These adjustments may include; remembering to take the glasses with you if they are only prescribed for certain activities, getting used to socialising with the glasses on and working with the glasses.

Be aware of the challenges

With new glasses, like any kind of accessory that assists our health, comes new challenges. As your eyes and brain adjust to the glasses, there may be a few common issues you face. These include; eye strain, changes in perception and general distortion.

Eye strain is the most common factor that people encounter and is usually most common in the first week, as your eyes begin to adjust. If you’re aware in advance about the eye strain, you can prepare with some easy remedies like massages and adjusting the brightness on your smartphone and TV screens. As for distortion, only some people experience this, however if you’re one of them, it’s important to know so that you don’t mistake the dizziness or lack of balance for another condition – it’s most likely your new glasses. If the distortion becomes worse over time, it’s a good idea to visit your optometrist for advice.

Perception can be another challenge with many people experiencing ‘depth perception’ in which they have a lack of ability to judge how far away an object is. This is an important factor to keep in mind if you’re using the new glasses whilst driving as you will have to take extra precaution and be more aware of your surroundings.

Choose the right frame

The correct frame for you is very important, and it’s vital to choose the right frame to avoid headaches and discomfort. Your eyes are already adjusting to the new lenses, so you can make it easier for yourself if you choose a style of lenses and frame that are the most comfortable, no matter how tempting it may be to choose the most fashionable in store!

When you’re trying out the different frames, keep in mind that glasses are a long-term commitment and you may be wearing them every day for several hours of the day. Usually, a lighter frame is an effective way to take the weight off from behind your ears and choosing the correct size is also crucial for your comfort.

The plus side to all of this is that the glasses will provide more clarity and comfort to your life in the long-run, so hang in there! If you have any questions about adjusting to your new glasses, you can always contact us at Focus Eye Centre on: (02) 9663 3927

screen time

Is too much screen time bad for kids?

You go into your child’s room and they are playing the latest gaming app, you look in your review mirror and your child is watching YouTube, you check if your child needs help with their homework and they are busy texting friends.

Children and their phones are inseparable in today’s society, and all that reading and playing games on their handheld devices can harm their vision.

To reduce screen time, some parents ban phones at dinner time, cap screen time to certain days or limit screen time to a certain amount of time per day. 

These days’ children under just 2 years old are spending an average of 42-minutes per day using digital devices. As kids grow, their screen time tends to grow with them.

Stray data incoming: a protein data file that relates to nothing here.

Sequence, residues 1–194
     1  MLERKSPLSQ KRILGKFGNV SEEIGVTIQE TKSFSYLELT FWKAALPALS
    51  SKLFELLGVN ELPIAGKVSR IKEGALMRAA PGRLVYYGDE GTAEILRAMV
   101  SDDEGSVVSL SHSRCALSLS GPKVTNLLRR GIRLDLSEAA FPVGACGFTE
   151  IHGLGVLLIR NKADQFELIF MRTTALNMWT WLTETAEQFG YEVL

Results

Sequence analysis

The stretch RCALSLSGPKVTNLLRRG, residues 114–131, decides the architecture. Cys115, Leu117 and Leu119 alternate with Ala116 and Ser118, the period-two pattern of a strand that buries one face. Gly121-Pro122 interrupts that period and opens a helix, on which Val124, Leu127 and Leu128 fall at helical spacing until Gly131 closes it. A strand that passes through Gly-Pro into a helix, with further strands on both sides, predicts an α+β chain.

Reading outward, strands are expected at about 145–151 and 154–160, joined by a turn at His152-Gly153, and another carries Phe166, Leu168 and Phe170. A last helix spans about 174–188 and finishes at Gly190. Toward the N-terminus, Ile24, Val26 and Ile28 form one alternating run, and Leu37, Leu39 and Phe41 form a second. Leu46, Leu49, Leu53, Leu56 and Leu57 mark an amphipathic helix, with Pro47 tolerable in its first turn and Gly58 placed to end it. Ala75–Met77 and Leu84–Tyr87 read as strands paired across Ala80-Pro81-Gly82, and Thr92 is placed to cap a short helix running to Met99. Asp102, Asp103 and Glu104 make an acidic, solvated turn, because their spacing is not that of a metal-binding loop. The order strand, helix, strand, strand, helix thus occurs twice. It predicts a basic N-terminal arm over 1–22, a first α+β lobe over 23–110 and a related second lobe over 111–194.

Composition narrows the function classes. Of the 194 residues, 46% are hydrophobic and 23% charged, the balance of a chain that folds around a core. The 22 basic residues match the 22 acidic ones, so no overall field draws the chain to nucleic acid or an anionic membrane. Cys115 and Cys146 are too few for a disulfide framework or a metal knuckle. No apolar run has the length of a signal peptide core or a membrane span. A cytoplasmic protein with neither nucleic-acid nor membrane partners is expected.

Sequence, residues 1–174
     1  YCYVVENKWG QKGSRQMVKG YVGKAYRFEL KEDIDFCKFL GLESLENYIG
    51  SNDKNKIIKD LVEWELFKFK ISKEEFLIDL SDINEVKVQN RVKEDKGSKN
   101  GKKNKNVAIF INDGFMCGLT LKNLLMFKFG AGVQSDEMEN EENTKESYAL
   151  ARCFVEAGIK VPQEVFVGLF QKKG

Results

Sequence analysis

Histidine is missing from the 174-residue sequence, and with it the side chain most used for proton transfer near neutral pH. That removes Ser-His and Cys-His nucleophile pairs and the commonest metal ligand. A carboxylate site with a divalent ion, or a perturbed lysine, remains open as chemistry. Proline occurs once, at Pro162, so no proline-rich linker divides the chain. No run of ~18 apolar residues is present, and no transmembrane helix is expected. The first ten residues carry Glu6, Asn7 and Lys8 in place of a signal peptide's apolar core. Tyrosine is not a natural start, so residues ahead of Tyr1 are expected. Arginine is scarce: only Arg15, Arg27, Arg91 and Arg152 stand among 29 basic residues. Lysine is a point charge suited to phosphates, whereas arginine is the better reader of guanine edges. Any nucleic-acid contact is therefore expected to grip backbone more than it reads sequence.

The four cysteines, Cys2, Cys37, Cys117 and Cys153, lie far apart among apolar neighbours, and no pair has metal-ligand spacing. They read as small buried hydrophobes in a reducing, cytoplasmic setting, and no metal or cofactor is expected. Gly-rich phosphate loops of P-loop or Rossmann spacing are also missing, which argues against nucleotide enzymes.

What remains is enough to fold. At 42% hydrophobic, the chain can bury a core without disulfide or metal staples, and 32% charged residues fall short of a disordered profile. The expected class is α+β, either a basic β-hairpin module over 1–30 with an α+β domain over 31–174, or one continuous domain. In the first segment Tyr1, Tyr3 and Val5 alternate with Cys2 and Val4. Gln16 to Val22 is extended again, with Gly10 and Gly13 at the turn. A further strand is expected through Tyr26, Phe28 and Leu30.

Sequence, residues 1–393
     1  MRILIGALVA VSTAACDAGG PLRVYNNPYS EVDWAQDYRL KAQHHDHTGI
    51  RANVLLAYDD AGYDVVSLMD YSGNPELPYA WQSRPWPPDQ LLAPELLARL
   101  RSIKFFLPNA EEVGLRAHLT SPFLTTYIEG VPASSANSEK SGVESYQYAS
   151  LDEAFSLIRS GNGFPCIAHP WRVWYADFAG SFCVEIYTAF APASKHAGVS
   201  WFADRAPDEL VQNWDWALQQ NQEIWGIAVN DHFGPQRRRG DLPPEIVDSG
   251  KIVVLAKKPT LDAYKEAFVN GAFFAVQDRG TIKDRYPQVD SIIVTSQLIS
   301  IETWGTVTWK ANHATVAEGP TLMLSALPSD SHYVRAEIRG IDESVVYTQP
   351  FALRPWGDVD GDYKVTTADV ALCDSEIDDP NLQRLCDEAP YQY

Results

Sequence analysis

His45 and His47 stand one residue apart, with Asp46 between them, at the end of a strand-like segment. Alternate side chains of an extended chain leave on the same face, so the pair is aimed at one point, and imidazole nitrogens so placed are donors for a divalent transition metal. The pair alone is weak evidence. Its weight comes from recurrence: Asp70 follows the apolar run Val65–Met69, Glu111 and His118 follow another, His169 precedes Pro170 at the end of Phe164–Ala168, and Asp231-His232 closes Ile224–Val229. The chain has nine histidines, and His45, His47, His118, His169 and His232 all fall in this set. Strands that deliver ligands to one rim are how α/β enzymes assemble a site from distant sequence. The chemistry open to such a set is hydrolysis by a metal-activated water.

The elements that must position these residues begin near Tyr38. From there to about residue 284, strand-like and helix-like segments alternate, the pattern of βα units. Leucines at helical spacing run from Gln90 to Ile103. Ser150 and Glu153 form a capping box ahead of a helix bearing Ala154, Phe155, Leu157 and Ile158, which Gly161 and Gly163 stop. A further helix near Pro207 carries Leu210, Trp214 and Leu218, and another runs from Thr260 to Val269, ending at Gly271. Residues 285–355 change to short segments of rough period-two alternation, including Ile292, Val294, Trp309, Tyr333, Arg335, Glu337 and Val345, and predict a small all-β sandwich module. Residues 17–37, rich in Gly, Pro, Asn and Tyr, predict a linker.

The problem with too much screen time:

Children who are exposed to more than two hours of screen time per day can experience:

  • Headaches
  • Neck/shoulder pain
  • Poor posture
  • Eye strain, dry or irritated eyes
  • Reduced attention span
  • Poor behaviour
  • Irritability
  • Sleep disturbances

These symptoms affect academic performance and social interactions.

The rapid rise of myopia, or nearsightedness, worldwide has been linked to increased use of and exposure to electronic devices.

What you can do:

  • Encourage your child, if needed, to wear eyeglasses with lenses that reduce the amount of blue light that enters the eyes from digital screens or polarized sunglasses.
  • Purchase a protective blue light filter that can be applied to the surface of your child’s digital device. Examples include InvisibleShield Glass + VisionGuard screen protectors from ZAGG.
  • Use the blue light filtering features on certain devices (like Apple’s Night Shift), or multi-platform apps that block blue light, such as f.lux and Iris.
  • To reduce sleep disruptions, create a “no-screens” rule at least two hours before bedtime.
  • Encourage frequent visual breaks with the “20-20-20” I spy game. Every 20 minutes, encourage them to take their eyes off the screen, look at something that is 20 feet away for 20 seconds and guess what they spy for 20 seconds. This simple game relaxes the focusing and eye alignment muscles, reducing the risk of many of the symptoms of digital eye strain.
  • Encourage frequent posture checks. The time taken to follow the 20-20-20 rule is also a good time to encourage your child to sit up straight and realign the head, neck and shoulders. Moving the head slowly to the right and left and also up and down can relieve strained muscles and reduce fatigue. Encourage to walk and stretch the entire body also is a good idea to reduce the risk of non-visual symptoms of computer vision syndrome.
  • Set a time limit on your child’s phone use. Apple, Google and other tech companies have recently introduced time management features and apps that allow you to monitor your child’s daily screen time. Visit your phone vendor’s website or store to learn more.
  • Schedule annual eye exams with an eye doctor to monitor your child’s vision and eye health. Ask your eye doctor about blue light protection options.

Children and technology are the future. Taking these simple measures can go a long way towards keeping your tech-savvy children seeing clearly and comfortably for years to come.

To find our more information about our services here at FOCUS, give our friendly team a call today on: (02) 9663 3927